So, what have I done now?....here's the drawing, it has my pen notes for the degrees of each hole, I did this as they are handed and I didn't want to get confused during the operation. The few outer numbers are for the other side, this one is for the L/H cylinder or right hand as you look at it from the front. There, that should give some an idea of the error which I didn't spot?
maybe this picture may help, here's the same cover after machining, placed over the bore. The error is that the relief valve hole should be outboard, not inboard as seen here, oh and yes, I did both covers before trial fitting them..lol
No big deal other than having to reset each cover on the rotary table and drill/tap the two 7/32 x 40 tpi holes again in their correct positions, here we now have both covers with two holes, just not what the doctor ordered. I don't have any bronze hex to hand so will need to get some to plug the holes but I had another idea and that's to use the hole to fit a pipe fitting to measure 'Cylinder pressure'? I had thought about fitting such a gauge before but now I may just do it due to my not paying enough attention, or more to the point, forgetting what I think Don had already warned about. I want the cylinder pressure gauge to be working so I guess that I now have a position to fit the relevant piping.
Next week I'll finish off the bore face, I've already made a start on one, the bore is still a little over-length but I may leave it for now as extra clearance. Once I have the pistons and rods made and some of the other motion I can check to see if the stroke as it should be.
Clearly, I was having one of those days yesterday as I thought it was Friday and hence why I posted an 'end of week' update?.. hmm... going mad he is...lol
Ok, so I had one more day to play with and made the most of it, I mentioned yesterday that I had started to clean up the bore faces and that is what i started with this morning. I machined down the face with the arc just touching the steam chest and then widened the cutter enough to allow the cover to sit flush, this of course had to be cranked by hand. The picture shows the first one done bar a little tidying where the outer arc stopped, this was done after this picture using a sharp chisel and file.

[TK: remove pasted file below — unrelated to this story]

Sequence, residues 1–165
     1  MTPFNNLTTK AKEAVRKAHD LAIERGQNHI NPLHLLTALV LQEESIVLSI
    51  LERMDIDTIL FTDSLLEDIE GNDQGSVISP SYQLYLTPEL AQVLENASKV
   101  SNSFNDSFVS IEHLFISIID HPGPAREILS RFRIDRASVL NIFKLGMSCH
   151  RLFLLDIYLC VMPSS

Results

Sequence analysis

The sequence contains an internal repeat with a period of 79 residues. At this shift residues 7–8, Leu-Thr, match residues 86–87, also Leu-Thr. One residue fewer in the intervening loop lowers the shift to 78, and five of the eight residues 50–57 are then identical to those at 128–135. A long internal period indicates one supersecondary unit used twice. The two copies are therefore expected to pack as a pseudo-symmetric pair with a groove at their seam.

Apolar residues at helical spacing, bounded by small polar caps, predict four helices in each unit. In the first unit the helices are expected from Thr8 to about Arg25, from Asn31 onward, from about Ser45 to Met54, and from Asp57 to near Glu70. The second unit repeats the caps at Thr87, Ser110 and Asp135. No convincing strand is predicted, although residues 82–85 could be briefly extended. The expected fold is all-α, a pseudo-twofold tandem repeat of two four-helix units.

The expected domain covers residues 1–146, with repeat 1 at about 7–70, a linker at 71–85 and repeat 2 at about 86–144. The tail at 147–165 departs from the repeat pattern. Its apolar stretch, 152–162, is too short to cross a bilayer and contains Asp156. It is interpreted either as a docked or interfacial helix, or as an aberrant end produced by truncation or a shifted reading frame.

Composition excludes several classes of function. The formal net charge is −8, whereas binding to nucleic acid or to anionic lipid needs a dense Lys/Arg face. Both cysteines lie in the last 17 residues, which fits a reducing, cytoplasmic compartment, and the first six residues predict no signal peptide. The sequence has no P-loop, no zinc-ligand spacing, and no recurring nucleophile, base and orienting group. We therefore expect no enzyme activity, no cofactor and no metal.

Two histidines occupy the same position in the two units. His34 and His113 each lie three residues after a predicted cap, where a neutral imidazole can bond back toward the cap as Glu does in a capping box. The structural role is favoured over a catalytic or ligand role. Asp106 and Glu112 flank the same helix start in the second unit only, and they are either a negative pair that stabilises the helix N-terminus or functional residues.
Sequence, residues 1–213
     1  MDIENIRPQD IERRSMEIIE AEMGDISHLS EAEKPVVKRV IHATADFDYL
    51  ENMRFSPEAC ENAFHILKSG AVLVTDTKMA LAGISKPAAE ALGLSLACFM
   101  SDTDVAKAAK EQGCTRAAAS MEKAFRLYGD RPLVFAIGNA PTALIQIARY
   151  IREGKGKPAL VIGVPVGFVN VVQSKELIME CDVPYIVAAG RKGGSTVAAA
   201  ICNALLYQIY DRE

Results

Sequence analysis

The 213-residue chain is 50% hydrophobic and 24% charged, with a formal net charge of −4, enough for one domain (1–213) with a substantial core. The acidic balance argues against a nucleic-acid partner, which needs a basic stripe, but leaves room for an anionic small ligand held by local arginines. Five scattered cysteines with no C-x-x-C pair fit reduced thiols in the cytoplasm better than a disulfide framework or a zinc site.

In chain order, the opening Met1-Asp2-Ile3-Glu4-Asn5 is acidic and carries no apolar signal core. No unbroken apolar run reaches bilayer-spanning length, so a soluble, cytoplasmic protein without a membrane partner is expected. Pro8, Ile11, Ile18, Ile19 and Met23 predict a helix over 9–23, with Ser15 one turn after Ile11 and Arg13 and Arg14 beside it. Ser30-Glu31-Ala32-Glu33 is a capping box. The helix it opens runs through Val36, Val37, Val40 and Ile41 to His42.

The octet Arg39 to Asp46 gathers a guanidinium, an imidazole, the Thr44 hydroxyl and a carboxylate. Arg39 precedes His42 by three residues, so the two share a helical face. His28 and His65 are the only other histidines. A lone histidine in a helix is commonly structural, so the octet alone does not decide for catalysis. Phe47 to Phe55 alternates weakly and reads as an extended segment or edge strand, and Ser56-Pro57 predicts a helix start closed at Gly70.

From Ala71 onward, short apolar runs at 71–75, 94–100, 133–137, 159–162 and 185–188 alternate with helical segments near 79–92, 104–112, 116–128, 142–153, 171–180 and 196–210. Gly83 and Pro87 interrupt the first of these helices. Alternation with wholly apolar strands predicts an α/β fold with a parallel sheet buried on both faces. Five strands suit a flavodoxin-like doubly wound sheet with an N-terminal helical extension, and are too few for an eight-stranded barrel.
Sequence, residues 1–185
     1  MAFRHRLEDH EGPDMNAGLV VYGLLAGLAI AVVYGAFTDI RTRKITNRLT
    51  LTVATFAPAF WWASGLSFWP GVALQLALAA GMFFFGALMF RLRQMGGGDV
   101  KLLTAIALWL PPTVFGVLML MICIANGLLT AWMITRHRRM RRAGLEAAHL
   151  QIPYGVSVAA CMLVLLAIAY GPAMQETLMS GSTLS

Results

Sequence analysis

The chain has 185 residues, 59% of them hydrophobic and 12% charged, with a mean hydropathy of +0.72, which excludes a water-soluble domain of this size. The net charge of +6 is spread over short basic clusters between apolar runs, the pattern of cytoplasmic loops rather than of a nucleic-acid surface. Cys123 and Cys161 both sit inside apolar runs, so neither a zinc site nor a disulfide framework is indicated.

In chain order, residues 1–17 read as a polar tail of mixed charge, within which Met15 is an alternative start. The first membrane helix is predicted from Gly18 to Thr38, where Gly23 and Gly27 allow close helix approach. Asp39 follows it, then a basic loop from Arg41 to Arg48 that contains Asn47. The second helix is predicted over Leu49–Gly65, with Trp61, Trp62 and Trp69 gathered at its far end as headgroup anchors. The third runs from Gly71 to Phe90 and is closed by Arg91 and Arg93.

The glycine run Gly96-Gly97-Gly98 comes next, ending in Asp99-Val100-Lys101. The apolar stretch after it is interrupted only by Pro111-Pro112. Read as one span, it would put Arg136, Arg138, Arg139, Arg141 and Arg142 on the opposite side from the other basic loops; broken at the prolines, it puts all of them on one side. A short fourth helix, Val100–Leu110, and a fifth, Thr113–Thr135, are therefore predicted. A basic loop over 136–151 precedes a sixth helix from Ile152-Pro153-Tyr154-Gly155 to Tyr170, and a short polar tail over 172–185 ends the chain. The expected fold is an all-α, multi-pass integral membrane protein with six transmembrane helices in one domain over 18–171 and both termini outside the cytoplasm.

Next job was to transfer all of the cover holes to their respective cylinders and tap 6 BA, I won't show pictures of that as it's the same as the middle cylinder but will show this picture to show why the relief valves have to be outboard. As can be seen, inboard they would foul the front mudguard.
and lastly, both front covers held on with temporary screws...
Next week I have a fair list of what I'd like to get done. I will cut up some 6 BA stainless studding (hope I have enough), debur the front face threads and fit the covers properly. I bought nickel plated nuts as used on the middle cylinder but may need to use smaller to allow for the cover to sit over them, I'll have a better idea once the studs are fitted. I also need to drill tap the 3/16 x 40 tpi drain-cock holes and the rear 7/32 x 40 tpi relief valve hole. Once those are done I plan to put the smokebox in place and work out where the steam pipe entries need to be in the cylinders, I can then drill those, the 4 mounting holes around them for the steam pipe flange I'll do once the flange has been made.
Well that should get me started, I'll need to think of what to do on Tuesday... haha.. yeh right..
Well, I got most of what I planned to do for this update, just have the steam pipe holes to do. First up, now that I had transferred all of the mounting holes was to remove the spigot's on the rear of the covers. The small dia spigot was cut off with a hacksaw and the larger dia spigot ( used to help align the cover with the bore) was machined off using the outside jaws. The first picture shows this, it was a relief to see that the blind holes that I had drilled for the central mounting bolt for the shield have remained 'blind' after machining the spigots off. I also machined up two plugs to fill the wrongly drilled relief valve holes, I didn't take a picture of this as it's just simple turning/threading.